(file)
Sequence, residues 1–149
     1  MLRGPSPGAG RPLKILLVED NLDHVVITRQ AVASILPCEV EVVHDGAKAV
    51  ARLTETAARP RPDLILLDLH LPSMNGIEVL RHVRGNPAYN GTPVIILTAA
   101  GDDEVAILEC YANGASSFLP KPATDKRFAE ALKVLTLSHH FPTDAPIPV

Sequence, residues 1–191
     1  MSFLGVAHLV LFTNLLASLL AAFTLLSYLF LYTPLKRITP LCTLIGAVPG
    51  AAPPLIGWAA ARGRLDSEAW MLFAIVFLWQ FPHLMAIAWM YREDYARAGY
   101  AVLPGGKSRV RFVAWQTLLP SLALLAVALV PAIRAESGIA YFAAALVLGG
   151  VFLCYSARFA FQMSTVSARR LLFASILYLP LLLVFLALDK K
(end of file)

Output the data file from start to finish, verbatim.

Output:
Sequence, residues 1–149
     1  MLRGPSPGAG RPLKILLVED NLDHVVITRQ AVASILPCEV EVVHDGAKAV
    51  ARLTETAARP RPDLILLDLH LPSMNGIEVL RHVRGNPAYN GTPVIILTAA
   101  GDDEVAILEC YANGASSFLP KPATDKRFAE ALKVLTLSHH FPTDAPIPV

Sequence, residues 1–191
     1  MSFLGVAHLV LFTNLLASLL AAFTLLSYLF LYTPLKRITP LCTLIGAVPG
    51  AAPPLIGWAA ARGRLDSEAW MLFAIVFLWQ FPHLMAIAWM YREDYARAGY
   101  AVLPGGKSRV RFVAWQTLLP SLALLAVALV PAIRAESGIA YFAAALVLGG
   151  VFLCYSARFA FQMSTVSARR LLFASILYLP LLLVFLALDK K